Practice + Pancakes: Texas Men Taper Practice for WUGs

SwimSwam wants to give you an inside look at what a normal day-in-the-life looks like for any given swimmer, and how that differs from team to team or city to city. We send our head of production, Coleman Hodges, to be a fly on the wall at practice, then relay what he discovered back to you over pancakes. Or at least breakfast.

2019 is going to be an exciting summer for swimming fans. With so many major meets on the horizon, there will be no shortage of fast swimming around the world. The first of those major international meets is the World University Games in Naples, Italy, which starts on July 5. That means for Americans, taper is now. Luckily, the Texas men were kind enough to let us sit in on one of their taper workouts, where they were doing a little pace work.

In the main WUG group there was John Shebat (200 IM), Austin Katz (200 back), Dean Farris (400 free relay), Tate Jackson (100 free), and Jeff Newkirk (800 free relay), as well as Townley Haas who is prepping for World Champs (200 free, 400 free relay). Everyone did about the same thing for their morning work after warm up: somewhere between 2-3×50 @ 1:30, pacing for your event. Among the highlights:

A. Katz, 26.8-27.2 50 backstroke

J. Shebat, 28 low 50 back, 34.5 50 breast

Dean Farris, 24 low 50 free

Tate Jackson, 24.4-24.6 50 free

Townley Haas, 25 high 50 free

A surprise WUG competitor in Austin was Zach Yeadon, who trained at UT over the summer so he could race many of his WUG teammates as well as the UT distance stars such as Clark Smith and Chris Yeager. Yeadon had a set of 8×100 @ 1:20 strong with 2×50 EZ in between, holding 1:00-1:01 on the 100’s.

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What’s up with Townley? He’s doesn’t seem himself this year… hope he shows up at Worlds prepared.


Not sure what you expect from Haas. He was doing 200 pace from a push and went 25.9. If that’s his 200 pace, Beidermann’s record is in serious jeopardy.

… of course, if they were all at actual pace, that would mean Austin Katz should shatter 1:50 in the 200 back this summer, and we know that isn’t going to happen. Even assuming his true 200 splits will be a bit slower, Townley will be fine.


Townley Haas has the most aesthetically pleasing freestyle I’ve seen since Dara Torres and Alexandr Popov. Just a pleasure to watch.


Umm, no. Clark’s freestyle is way more technically “pleasing” and effortless.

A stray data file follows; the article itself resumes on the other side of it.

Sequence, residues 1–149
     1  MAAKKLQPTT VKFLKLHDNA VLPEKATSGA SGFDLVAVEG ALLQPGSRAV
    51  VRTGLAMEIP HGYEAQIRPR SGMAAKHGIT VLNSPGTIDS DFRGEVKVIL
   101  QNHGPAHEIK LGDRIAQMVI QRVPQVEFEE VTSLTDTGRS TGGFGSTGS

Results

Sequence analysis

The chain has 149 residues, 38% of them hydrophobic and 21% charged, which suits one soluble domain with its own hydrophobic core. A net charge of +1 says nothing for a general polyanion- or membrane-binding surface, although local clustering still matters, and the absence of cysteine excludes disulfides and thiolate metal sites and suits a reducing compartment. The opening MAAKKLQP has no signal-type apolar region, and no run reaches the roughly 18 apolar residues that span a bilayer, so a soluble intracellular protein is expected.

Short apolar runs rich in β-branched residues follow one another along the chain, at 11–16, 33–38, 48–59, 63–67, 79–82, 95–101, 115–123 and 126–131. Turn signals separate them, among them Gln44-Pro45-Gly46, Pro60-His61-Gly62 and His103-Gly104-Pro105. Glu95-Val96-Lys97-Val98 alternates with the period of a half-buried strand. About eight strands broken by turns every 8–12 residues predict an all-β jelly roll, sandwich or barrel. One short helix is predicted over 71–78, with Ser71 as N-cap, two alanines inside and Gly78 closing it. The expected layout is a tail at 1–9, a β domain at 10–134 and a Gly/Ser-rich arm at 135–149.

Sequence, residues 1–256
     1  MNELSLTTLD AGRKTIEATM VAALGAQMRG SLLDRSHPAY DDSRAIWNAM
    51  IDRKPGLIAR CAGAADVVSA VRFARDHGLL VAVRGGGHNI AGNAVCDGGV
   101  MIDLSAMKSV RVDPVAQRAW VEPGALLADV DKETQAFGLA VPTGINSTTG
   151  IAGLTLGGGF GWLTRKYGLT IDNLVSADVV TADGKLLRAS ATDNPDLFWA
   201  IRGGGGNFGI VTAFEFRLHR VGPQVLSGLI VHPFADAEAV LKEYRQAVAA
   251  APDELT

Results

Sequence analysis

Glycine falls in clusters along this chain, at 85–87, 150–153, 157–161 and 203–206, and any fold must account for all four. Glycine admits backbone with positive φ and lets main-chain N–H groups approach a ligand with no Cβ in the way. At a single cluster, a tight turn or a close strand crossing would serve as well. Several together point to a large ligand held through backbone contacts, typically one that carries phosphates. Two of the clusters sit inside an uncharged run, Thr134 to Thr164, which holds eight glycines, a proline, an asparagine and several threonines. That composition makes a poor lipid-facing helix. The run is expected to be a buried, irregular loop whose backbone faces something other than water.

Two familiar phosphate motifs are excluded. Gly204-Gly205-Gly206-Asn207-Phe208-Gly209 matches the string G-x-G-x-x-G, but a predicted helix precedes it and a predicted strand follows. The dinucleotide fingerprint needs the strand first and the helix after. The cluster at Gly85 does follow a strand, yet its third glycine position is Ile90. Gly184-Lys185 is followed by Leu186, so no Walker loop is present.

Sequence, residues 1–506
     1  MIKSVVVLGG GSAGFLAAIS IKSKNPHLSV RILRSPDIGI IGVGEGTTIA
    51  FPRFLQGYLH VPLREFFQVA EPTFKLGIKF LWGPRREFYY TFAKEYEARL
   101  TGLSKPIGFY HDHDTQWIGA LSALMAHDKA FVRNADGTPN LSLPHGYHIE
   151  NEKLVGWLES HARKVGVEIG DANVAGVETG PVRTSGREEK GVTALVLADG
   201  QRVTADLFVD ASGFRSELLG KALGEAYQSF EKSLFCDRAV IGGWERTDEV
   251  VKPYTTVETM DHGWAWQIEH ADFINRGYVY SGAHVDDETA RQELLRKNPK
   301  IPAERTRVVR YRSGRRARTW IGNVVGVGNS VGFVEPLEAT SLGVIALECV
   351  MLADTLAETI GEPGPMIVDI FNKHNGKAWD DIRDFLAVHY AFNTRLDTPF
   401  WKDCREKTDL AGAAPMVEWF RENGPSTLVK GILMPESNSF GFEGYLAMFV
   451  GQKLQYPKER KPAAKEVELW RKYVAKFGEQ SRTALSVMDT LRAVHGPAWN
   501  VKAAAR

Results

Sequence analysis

Haas has an efficient stroke but not as nice as Clark’s to watch …..thats clear

Right Dude Here

And Peter van den Hoogenband should be on your list of old legends with perfect freestyles too.


comment image

Right Dude Here

Oh my god I’ve been seeing your comments for as long as I’ve been on this site and just now figured out what those 4 random letters are.

I’m smart everybody!


Love PVDH, and his stroke clearly worked for his body type, but wasn’t his head quite high in the water by today’s standards? Not saying he would’ve been faster with a different technique; just talking aesthetics and “looking fast.”


Franziska van Almsick, Therese Alshammar


and Thorpey of course ……

Texas Tap Water

Lol no


Nah bro Phelps does with his 1,2 and long pause


Townley has to be the biggest taper swimmer alive

Ol' Longhorn

He should have started his summer taper after the first 250 of his 500 free at NCAAs.


I couldn’t believe that Haas went from a 1:39 in the 200 yard freestyle in January to a 1:30 at NCAAs. He just needed to rest, it was amazing.


That’s a different between ‘need rest’ and ‘don’t care’ which one is it?


It was need rest.


Ryan Lochte would like a word with you


Haas’ in season times are worthless for the purposes of analysis.


than suddenly he blasts a 1.43 on the relay / 47.7 on the other relay and a 1.43/144 mid on the individual 200 ….


Hopefully he can lose the dad bod he inherited at NCAAs

Steve Nolan

When did Richard Dean Anderson start hosting these?



About Coleman Hodges

Coleman Hodges

Coleman started his journey in the water at age 1, and although he actually has no memory of that, something must have stuck. A Missouri native, he joined the Columbia Swim Club at age 9, where he is still remembered for his stylish dragon swim trunks. After giving up on …

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